REYKJAVIK, June 7 (Reuters) - Iceland’s prime minister at the time of its 2008 banking crash pleaded not guilty to charges of negligence at the start of a historic trial on Tuesday.
Former Prime Minister Geir Haarde was appearing at the first sitting of a special court set up in 1905 to try government ministers. Parliament voted last year to bring the negligence charges against Haarde.
“I declare myself innocent of all charges and will do my utmost to prove my innocence,” he told the court, which consists of 15 judges. If found guilty, he faces up to two years in prison plus a fine, but could also get probation.
“This whole affair is a farce, solely instigated by three members of the current parliament who have now succeeded in holding the first political trial in the country’s history,” he told reporters after the first court session.
The charges include gross negligence for failing to take proper measures to prepare for an impending financial crash, failing to rein in banks and failing to keep his own ministers informed of the size of the bank system relative to the economy.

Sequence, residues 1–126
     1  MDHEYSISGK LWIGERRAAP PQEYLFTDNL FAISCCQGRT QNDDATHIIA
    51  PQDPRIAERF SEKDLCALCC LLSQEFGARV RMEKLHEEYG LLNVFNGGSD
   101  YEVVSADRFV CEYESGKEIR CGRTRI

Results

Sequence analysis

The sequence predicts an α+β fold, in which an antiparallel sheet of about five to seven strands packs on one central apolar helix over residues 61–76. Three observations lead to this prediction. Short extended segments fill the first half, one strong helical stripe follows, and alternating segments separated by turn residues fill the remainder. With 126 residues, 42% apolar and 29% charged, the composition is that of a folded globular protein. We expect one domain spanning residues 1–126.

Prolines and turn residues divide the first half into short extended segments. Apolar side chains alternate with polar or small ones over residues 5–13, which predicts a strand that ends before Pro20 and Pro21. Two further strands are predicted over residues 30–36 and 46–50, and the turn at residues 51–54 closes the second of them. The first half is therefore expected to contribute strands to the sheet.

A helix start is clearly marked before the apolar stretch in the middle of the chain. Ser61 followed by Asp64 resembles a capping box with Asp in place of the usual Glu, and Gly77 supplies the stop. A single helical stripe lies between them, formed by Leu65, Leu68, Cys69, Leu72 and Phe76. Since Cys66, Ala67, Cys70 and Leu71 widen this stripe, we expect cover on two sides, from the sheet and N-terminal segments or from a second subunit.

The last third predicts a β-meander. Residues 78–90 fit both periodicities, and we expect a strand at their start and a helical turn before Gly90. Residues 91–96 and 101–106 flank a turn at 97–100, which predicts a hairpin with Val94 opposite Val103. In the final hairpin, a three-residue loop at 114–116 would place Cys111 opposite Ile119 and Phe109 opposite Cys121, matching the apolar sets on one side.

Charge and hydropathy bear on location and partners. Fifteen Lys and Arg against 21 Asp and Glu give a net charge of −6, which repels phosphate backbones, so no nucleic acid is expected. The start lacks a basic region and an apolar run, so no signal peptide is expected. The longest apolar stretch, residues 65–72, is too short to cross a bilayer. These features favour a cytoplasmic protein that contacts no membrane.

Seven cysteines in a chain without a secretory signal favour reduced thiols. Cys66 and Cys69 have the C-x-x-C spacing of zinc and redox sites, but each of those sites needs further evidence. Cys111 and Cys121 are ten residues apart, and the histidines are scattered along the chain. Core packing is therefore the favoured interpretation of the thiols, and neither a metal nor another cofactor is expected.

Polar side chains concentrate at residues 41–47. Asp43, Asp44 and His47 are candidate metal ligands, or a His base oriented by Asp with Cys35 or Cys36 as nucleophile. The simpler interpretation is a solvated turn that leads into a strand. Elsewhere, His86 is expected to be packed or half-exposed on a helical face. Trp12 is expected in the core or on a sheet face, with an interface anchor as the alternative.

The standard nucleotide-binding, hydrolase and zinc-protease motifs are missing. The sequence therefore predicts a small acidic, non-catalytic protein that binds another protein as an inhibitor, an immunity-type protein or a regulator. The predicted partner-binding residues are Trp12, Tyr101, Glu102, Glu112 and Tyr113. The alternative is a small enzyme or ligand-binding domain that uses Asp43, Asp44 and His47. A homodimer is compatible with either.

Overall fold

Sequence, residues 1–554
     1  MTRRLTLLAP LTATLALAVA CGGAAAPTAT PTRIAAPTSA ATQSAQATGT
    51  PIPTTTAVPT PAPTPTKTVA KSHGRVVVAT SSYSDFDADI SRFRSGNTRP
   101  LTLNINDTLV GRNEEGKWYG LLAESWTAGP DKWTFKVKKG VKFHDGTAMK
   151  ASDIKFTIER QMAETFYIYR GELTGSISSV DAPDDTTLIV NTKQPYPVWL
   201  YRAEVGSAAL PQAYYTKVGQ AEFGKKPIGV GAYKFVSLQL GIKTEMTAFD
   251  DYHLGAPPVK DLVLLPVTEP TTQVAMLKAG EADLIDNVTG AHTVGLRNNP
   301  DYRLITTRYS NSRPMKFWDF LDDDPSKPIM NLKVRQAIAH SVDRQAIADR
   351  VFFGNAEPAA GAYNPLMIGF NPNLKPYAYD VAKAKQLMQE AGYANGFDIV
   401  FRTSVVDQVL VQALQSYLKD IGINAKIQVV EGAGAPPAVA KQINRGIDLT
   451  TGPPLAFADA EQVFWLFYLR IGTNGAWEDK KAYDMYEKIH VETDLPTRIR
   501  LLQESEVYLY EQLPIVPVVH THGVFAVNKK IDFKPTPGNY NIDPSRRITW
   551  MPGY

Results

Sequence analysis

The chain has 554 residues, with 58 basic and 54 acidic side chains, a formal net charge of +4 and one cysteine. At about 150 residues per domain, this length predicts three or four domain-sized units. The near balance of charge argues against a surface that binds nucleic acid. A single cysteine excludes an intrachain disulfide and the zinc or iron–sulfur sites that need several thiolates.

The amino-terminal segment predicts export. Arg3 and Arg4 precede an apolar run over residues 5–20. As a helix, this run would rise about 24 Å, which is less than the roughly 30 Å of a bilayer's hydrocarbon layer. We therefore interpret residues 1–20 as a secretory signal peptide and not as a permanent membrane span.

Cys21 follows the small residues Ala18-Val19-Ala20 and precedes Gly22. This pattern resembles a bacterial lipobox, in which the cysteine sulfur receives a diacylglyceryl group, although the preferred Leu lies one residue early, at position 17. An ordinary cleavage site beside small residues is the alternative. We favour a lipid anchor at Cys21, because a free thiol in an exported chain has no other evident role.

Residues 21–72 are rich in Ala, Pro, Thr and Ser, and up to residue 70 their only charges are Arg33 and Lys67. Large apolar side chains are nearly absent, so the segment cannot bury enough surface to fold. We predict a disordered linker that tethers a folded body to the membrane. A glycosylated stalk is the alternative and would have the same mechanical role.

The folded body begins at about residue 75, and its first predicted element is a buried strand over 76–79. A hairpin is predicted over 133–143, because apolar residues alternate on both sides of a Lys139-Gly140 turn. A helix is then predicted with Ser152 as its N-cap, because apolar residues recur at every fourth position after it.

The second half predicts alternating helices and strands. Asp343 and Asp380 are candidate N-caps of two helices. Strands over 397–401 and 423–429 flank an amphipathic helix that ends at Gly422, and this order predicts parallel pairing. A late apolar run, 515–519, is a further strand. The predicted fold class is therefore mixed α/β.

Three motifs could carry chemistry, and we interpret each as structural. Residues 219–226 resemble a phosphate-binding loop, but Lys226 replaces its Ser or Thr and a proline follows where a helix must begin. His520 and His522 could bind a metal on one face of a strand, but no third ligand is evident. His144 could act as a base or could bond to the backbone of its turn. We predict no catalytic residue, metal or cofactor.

The defence spent much of the 30-minute session arguing about the right of eight of the judges to hear the trial.
Iceland’s three main banks collapsed under their debts in 2008 during the global financial crisis. Haarde was prime minister from 2006 to 2009 when they were still expanding fast.
Iceland had to take a bailout from the IMF and Nordic lenders after the crisis, and popular discontent and protests led to the fall of Haarde’s government.
Though economic stability has returned, the country is still struggling with the legacy of the crisis in terms of controls on the movement of foreign exchange. Unemployment rose from 2 percent in 2007 to 7.8 percent this year. (Reporting by Omar Valdimarsson; Writing by Patrick Lannin in Stockholm; Editing by Louise Ireland)